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Nestle Japan Ltd.
Nestle Japan Ltd.

24-Carat-Gold-Wrapped Kit Kat Bars Will Be Sold in Japan This Holiday Season

Nestle Japan Ltd.
Nestle Japan Ltd.

If there were an annual award for "Country With the Most Unique Food Variations," Japan would be the only nominee year after year. Nestle Japan recently announced that it will be offering gold Kit Kat bars this holiday season, which would sound insane if it were anywhere else in the world. But because it's Japan, it is completely normal.

From Ice Cucumber Pepsi to other interesting flavors of well-known products, the store shelves in Japan are filled with unusual labels that could only work within the country's borders. These special Kit Kat bars will be individually wrapped by hand in 24-carat gold leaf, in celebration of the millionth customer to visit their specialty Kit Kat Chocolatory stores. There are only 500 of the special candies, so they will not be available in normal stores, and each bar will set Japanese snackers back 2016 Yen, which is around $16.

According to Nerdist, Chocolatory members will also be given the chance to win a real 24-carat gold Kit Kat. There are no known plans to extend the special product or the contest to any other city or country.

Nestle Japan Ltd.

[h/t Nerdist]

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Hate Red M&M's? You Need a Candy Color-Sorting Machine
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You don’t have to be a demanding rock star to live a life without brown M&M's or purple Skittles—all you need is some engineering know-how and a little bit of free time.

Mechanical engineering student Willem Pennings created a machine that can take small pieces of candy—like M&M's, Skittles, Reese’s Pieces, etc.—and sort them by color into individual piles. All Pennings needs to do is pour the candy into the top funnel; from there, the machine separates the candy—around two pieces per second—and dispenses all of it into smaller bowls at the bottom designated for each variety.

The color identification is performed with an RGB sensor that takes “optical measurements” of candy pieces of equal dimensions. There are limitations, though, as Pennings revealed in a Reddit Q&A: “I wouldn't be able to use this machine for peanut M&M's, since the sizes vary so much.”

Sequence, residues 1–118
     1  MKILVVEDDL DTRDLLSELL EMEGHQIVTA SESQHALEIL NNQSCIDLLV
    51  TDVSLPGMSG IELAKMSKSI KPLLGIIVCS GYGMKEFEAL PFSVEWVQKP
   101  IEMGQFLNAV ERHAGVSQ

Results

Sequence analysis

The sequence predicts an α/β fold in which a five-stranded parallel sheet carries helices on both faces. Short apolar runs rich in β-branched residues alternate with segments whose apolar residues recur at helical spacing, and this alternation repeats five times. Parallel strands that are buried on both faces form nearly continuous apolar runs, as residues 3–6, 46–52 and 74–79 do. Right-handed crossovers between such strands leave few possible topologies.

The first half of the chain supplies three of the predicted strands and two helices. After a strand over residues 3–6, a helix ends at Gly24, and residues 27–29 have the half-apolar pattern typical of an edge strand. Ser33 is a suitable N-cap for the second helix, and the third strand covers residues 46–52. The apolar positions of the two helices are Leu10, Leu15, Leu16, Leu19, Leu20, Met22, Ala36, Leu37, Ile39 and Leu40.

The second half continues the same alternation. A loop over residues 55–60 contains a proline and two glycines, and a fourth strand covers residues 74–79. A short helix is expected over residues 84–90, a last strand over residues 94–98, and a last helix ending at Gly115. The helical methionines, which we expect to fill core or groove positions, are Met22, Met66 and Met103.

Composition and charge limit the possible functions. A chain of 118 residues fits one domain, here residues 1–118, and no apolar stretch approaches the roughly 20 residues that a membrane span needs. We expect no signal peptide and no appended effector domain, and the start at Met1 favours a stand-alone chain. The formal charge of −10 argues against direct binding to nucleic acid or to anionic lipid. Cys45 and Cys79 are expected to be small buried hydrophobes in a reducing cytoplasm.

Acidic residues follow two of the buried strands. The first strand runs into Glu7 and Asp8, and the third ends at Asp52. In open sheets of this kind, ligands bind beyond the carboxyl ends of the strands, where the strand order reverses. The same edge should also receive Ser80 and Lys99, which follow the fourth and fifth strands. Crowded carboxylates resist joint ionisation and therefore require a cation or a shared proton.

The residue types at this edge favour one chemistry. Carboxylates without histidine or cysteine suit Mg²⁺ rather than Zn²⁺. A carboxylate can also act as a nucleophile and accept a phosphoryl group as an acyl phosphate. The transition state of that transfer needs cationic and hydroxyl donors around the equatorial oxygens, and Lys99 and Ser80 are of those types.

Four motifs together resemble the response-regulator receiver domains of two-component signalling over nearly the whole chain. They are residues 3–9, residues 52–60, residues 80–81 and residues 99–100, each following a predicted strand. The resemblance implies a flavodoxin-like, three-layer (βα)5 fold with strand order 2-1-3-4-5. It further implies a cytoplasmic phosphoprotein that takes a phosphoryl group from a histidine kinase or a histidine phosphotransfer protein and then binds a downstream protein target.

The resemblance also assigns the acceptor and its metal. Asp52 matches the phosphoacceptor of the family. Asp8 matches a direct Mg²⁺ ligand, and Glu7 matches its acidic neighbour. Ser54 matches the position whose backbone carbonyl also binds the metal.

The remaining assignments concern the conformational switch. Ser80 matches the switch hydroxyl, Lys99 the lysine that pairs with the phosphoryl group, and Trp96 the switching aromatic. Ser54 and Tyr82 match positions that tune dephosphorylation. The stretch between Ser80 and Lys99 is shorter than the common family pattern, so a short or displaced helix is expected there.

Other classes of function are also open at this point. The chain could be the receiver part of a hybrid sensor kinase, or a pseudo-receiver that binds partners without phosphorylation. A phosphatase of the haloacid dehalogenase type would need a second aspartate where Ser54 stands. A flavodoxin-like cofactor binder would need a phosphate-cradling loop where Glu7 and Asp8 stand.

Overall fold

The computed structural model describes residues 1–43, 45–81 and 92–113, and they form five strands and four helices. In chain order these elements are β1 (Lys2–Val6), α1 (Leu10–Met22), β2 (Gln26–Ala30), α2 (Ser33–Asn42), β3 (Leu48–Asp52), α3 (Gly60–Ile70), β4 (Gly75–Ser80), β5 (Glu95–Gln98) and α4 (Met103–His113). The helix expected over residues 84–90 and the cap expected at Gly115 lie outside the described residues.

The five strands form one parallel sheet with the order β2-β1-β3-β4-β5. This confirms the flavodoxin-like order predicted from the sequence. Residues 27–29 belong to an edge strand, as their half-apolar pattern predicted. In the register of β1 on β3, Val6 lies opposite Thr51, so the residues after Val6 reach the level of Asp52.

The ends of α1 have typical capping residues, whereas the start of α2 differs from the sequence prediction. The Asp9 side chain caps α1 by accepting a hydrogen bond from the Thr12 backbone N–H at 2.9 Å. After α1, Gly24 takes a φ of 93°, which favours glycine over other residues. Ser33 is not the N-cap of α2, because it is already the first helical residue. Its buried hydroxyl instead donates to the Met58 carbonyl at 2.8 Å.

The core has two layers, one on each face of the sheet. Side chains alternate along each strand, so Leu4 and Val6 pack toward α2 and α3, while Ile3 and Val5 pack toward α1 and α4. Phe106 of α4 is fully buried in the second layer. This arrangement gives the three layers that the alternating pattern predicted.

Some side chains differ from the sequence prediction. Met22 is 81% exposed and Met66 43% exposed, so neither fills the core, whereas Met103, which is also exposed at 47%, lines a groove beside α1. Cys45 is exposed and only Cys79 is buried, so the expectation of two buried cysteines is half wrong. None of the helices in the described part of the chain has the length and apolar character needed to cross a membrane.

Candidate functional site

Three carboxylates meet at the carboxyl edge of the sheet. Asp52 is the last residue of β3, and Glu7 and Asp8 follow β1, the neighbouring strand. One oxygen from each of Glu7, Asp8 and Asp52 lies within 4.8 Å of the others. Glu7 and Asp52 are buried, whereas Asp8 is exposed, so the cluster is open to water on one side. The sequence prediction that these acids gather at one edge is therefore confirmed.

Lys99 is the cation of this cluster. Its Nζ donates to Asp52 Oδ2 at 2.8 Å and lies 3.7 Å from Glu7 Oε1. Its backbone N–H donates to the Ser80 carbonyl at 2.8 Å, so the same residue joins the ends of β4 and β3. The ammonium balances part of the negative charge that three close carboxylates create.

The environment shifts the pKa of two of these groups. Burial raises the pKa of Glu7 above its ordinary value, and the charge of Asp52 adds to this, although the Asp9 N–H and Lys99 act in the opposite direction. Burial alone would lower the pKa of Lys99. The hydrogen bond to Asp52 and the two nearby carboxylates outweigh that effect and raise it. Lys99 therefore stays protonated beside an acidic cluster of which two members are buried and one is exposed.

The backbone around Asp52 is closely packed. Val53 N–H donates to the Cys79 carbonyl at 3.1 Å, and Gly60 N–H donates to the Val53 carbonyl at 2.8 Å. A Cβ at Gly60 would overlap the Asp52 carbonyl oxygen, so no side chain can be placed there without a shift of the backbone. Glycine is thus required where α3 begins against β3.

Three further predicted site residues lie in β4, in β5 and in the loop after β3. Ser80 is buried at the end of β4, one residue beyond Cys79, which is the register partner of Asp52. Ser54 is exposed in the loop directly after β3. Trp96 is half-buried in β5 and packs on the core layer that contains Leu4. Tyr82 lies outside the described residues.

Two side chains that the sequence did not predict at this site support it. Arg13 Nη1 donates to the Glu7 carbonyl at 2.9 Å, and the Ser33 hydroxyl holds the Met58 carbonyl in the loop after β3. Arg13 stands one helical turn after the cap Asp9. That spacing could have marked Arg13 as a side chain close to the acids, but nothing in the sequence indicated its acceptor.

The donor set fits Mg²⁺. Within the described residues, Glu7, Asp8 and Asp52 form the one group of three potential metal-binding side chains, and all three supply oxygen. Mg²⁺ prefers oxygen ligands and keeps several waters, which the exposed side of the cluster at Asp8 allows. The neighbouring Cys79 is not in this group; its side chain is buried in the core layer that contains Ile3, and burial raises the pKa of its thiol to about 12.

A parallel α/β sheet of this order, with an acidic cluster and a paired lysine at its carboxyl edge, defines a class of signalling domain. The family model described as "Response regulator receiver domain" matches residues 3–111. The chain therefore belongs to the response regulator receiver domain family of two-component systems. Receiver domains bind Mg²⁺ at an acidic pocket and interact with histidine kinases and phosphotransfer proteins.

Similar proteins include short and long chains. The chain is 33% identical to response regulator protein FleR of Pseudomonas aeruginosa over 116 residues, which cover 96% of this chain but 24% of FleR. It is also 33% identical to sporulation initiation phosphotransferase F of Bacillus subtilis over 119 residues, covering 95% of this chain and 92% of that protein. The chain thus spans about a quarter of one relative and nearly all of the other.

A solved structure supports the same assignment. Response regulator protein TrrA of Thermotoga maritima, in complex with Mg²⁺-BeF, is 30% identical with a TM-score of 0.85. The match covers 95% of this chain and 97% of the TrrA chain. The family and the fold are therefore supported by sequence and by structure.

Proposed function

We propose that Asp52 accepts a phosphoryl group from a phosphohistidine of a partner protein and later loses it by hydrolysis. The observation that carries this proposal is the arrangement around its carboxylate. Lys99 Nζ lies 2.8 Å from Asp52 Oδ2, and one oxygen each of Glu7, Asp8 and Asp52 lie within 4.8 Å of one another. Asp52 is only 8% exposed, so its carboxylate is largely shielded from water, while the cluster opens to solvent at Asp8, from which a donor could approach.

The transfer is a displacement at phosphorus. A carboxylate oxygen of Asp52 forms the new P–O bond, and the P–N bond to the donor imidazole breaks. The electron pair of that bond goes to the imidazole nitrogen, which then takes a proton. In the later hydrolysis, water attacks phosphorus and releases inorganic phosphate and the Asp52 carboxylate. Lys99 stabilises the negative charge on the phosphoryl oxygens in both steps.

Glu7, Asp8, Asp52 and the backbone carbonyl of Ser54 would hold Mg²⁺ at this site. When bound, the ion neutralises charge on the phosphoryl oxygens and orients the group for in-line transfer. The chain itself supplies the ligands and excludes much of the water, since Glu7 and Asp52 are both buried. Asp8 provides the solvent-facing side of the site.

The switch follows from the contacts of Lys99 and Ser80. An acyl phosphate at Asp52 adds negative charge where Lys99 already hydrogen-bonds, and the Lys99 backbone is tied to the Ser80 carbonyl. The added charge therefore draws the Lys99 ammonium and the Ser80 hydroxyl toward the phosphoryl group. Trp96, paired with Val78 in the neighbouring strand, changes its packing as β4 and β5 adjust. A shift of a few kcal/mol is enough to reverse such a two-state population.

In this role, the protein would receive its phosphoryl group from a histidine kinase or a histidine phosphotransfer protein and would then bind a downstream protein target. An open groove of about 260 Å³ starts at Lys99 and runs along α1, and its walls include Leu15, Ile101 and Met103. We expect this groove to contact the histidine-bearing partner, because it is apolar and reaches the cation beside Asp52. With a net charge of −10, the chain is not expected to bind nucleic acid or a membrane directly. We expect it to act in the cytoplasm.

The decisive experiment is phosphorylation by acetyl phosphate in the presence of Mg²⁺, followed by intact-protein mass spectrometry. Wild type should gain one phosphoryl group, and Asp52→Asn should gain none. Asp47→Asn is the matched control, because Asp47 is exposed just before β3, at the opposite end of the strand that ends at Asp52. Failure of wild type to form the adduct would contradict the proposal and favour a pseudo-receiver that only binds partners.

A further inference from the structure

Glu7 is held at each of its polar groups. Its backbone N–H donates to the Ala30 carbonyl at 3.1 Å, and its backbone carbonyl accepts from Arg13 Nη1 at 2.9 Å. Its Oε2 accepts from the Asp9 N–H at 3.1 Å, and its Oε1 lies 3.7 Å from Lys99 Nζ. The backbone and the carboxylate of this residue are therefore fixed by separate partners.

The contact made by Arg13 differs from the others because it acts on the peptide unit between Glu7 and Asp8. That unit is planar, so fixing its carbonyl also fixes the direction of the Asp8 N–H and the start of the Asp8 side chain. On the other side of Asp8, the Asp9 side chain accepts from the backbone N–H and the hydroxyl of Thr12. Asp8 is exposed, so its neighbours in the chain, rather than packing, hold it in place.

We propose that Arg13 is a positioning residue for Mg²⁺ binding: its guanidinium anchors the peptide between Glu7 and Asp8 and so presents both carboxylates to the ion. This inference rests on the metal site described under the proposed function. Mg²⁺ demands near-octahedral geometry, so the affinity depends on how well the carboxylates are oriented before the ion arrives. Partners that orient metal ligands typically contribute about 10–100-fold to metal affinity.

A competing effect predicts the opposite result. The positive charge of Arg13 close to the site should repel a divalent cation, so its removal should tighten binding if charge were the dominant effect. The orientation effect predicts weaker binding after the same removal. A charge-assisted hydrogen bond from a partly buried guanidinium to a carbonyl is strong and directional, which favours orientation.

The entire building process lasted from May through December 2016, and included the actual conceptualization, 3D printing (which was outsourced), and construction. The entire project was detailed on Pennings’s website and Reddit's DIY page.

With all of the motors, circuitry, and hardware that went into it, Pennings’s machine is likely too ambitious of a task for the average candy aficionado. So until a machine like this hits the open market, you're probably stuck buying bags of single-colored M&M’s in bulk online or sorting all of the candy out yourself the old fashioned way.

To see Pennings’s machine in action, check out the video below:

[h/t Refinery 29]

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See How Candy Canes Are Made
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According to legend, a 17th-century German choirmaster bent sugar sticks into shepherd’s crooks and gave them to children acting in his Nativity pageant as a treat for good behavior. Lo and behold, the world’s first candy canes were born.

Over the years, manufacturers have perfected their own methods of making the holiday treat. In the below video from Lofty Pursuits, a Tallahassee, Florida-based purveyor of hard candies, you can watch how the expert team of candy-makers turn seemingly everyday ingredients like sugar, water, and corn syrup into a sticky mixture. Gradually, the pliable concoction is folded, stretched, rolled, cut, and bent into candy canes—a mesmerizing visual process for anyone who’s ever sucked on one of the sugary confections and suspected it came from somewhere other than Santa’s workshop.

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